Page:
The Stuff (1985), by Larry Cohen, has long been on my radar. For some reason I never saw it on cable, nor has the film fallen into my lap. I know the film has made several lists for cult and horror, but it wasn’t until Arrow Video’s Blu-ray release that The Stuff found its way onto my TV. Lately, the film’s director, Larry Cohen, has had a resurgence with his films suddenly becoming available on Blu-ray. Cohen’s films dabble in everything from giant lizards attacking New York in Q (1982), to babies eating their way out of their mother’s wombs in It’s Alive (1974). His films are an acquired taste and not for your average movie goer, which made The Stuff all the more a curiosity.
The Stuff, at the beginning, pays a quick homage to classic sci-fi thriller The Blob (1958). An older gentlemen finds this strange goo on the ground. Instead of “it” consuming him, he consumes it and thinks it tastes pretty good. Thus, the product that will become known as “The Stuff” is born. Now before you start citing FDA regulations and question how they market such a product, Cohen’s script addresses all of that. It is protected by the same copyright that keeps Coca-Cola’s formula safe. This is where David Rutherford (Michael Moriarty), who goes by ‘Mo’ and finds a way to work it into all of his various aliases, enters the picture. His job is to discover and bring back the secret ingredients for “The Stuff” by any and all means possible. A rival company is sick of losing sales to “The Stuff” and feels that the monopoly on the dessert should be over.
The story switches gears, for all but a moment, to reveal the essential sub plot that “The Stuff” is actually an addicting drug with a possible mind of its own. We meet Jason (Scott Bloom) and his typical American family. Jason discovers “The Stuff” moving on its own, one night, in the fridge and it’s enough for him not want to eat it, ever. The poor kid discovers he is on his own since his entire family is already addicted to “The Stuff”. To illustrate this point even further, they have replaced every meal with this dessert-like substance. Jason goes on a personal crusade to take out “The Stuff” in his own home town, but the odds and its addiction are beyond this young boy’s control.
There is a lot of good stuff (wink, wink) here for this film. In the special features, which are new for this Blu-ray release, Cohen talks about his inspiration for the film stemming all the way back to WW2. According to Cohen, cigarette companies supplied the troops with free cigarettes to get them addicted and thus secure their market for after the war. He also cites how marketing has gotten completely out of hand, circa 1985. So just after a few minutes of watching the film, you can see where The Stuff developed its cult status. It’s a scary concept, even now. However, if Cohen made the film today, it might be an app, a mobile device, or a social media page that has everyone addicted.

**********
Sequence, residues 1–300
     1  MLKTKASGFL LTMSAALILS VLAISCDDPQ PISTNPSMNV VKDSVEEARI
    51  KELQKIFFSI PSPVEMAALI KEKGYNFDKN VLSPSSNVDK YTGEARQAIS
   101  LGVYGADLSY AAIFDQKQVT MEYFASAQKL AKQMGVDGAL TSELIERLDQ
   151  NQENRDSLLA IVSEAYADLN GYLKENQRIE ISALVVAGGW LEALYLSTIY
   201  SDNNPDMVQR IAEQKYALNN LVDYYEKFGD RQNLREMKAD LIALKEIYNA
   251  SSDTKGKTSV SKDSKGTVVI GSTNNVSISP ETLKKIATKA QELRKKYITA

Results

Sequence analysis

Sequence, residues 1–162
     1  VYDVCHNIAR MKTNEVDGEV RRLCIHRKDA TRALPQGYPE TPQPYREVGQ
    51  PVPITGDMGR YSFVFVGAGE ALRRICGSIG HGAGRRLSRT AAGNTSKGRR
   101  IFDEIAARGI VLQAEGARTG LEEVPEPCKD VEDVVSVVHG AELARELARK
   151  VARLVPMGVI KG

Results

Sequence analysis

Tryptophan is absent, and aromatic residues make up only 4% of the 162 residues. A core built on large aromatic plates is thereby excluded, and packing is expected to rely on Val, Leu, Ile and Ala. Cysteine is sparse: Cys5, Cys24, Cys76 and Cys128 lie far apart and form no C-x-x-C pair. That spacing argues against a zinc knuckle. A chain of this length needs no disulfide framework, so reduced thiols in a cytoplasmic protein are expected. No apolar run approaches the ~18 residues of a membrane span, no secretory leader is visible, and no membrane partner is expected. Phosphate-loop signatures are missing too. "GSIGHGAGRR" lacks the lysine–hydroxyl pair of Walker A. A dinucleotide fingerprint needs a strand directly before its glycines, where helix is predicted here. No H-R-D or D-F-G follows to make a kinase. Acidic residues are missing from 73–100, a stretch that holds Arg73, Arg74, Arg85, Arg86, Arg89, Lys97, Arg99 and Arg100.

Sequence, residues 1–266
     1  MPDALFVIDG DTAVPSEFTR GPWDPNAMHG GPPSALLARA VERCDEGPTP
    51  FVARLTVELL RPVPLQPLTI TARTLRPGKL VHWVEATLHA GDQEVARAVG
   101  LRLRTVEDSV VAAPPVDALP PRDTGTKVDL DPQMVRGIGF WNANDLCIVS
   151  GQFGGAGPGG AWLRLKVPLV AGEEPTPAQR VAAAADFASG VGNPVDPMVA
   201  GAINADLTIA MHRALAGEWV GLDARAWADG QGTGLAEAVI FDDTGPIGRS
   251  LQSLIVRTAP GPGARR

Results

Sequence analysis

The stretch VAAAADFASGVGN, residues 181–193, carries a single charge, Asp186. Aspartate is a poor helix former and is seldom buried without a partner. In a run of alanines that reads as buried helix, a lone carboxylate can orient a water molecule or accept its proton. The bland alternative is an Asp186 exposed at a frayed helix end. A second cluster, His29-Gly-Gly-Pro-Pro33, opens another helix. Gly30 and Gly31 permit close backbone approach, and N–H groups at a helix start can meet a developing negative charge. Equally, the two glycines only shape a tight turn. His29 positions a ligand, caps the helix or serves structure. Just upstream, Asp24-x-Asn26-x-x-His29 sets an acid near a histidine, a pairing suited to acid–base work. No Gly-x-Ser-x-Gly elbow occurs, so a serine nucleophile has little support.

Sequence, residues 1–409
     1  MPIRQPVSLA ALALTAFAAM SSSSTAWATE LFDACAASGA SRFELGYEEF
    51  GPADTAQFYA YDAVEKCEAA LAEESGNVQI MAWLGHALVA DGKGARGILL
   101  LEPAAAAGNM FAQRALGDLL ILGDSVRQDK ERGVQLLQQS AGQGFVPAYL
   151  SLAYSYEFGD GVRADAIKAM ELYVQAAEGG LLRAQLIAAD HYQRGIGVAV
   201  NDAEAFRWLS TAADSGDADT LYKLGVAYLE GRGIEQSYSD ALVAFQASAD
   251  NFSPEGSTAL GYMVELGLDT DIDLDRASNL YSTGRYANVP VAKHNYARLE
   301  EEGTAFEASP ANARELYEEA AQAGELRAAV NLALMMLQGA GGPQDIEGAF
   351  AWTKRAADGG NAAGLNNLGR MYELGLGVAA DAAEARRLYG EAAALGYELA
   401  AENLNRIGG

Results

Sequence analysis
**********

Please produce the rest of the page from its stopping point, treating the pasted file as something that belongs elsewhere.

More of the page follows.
The Stuff suffers from a lack of cohesion in the script. Moriarty’s Rutherford finds his first in with “The Stuff” company by flirting with its head adverting executive, Nicole (Andrea Marcovicci). He makes a great promise about buying her agency and talking about it over dinner, but before we ever see that scene take place, he is already questioning Vickers (Danny Aiello), a former founder of “The Stuff” corporation, and a checking out a whole town in Virginia that had marketed “The Stuff” first. When Nicole does reappear, she is on board with stopping “The Stuff” and letting the public know how horrible it is. We never saw her moment of realization about “The Stuff”, nor how Rutherford brought her over to his side.
Another odd thread in this story is Garrett Morris’ ‘Chocolate Chip’ Charlie W. Hobbs. Hobbs was put out of business by “The Stuff” and he looks to settle the score. Rutherford and Hobbs meet in Virginia and their familiarity with one another is that of old college buddies, not two perfect strangers that have just met. It is completely jarring and really takes you off the film about an addicting and killing dessert.
We are given some great elements to the story that could have been. “The Stuff” is actually oozing from the Earth and makes everyone who eats it want it more. We see its affect and that alone is scary enough to hold up a mirror to ourselves with anything we over indulge in. Cohen, as well as many others in the special features, talks about budgetary constraints, which is only one of the problems with the film. Michael Moriarty may have been Cohen’s “go to” actor, much like Steven Spielberg and Richard Dreyfus, but his bad hair piece and even worse accent make him ridiculous and not a leading man you want to root for.
The Stuff is a film with a lot of great ideas, but is poorly executed. I have found this to be true with a lot of Larry Cohen’s work. I wish that someone or some studio would take his crazy stories and build a world out of them, like Marvel and DC Comics are doing with their properties. His films are ripe with rich and timeless ideas, they just lack that one element that makes them great: direction.
New High Definition restoration of the film from a brand new 2K scan of the original camera negative
Original stereo 1.0 uncompressed PCM Mono audio
Optional English SDH subtitles for the deaf and hard of hearing
Can’t Get Enough of The Stuff: Making Larry Cohen’s Classic Creature Feature – Documentary featuring Larry Cohen, producer Paul Kurta, actress Andrea Marcovicci, Steve Neill (mechanical makeup effects) and Kim Newman
Introduction and trailer commentary by director and The Stuff fan Darren Bousman (Saw II, Saw III)
Reversible sleeve with original and newly commissioned artwork by Gary Pullin
Collector’s booklet featuring new writing on the film by Joel Harley, illustrated with original stills and promotional materials
Order The Stuff HERE from Arrow Video!